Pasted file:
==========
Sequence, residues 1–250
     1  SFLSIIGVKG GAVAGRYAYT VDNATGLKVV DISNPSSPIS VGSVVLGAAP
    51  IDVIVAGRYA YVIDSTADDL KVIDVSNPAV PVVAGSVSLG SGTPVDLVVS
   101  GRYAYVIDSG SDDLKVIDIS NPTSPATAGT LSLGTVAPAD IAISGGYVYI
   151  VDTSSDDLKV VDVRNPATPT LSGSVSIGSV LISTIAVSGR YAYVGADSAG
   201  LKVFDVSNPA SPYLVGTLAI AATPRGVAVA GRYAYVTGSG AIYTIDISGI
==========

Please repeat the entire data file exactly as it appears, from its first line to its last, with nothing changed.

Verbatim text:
Sequence, residues 1–250
     1  SFLSIIGVKG GAVAGRYAYT VDNATGLKVV DISNPSSPIS VGSVVLGAAP
    51  IDVIVAGRYA YVIDSTADDL KVIDVSNPAV PVVAGSVSLG SGTPVDLVVS
   101  GRYAYVIDSG SDDLKVIDIS NPTSPATAGT LSLGTVAPAD IAISGGYVYI
   151  VDTSSDDLKV VDVRNPATPT LSGSVSIGSV LISTIAVSGR YAYVGADSAG
   201  LKVFDVSNPA SPYLVGTLAI AATPRGVAVA GRYAYVTGSG AIYTIDISGI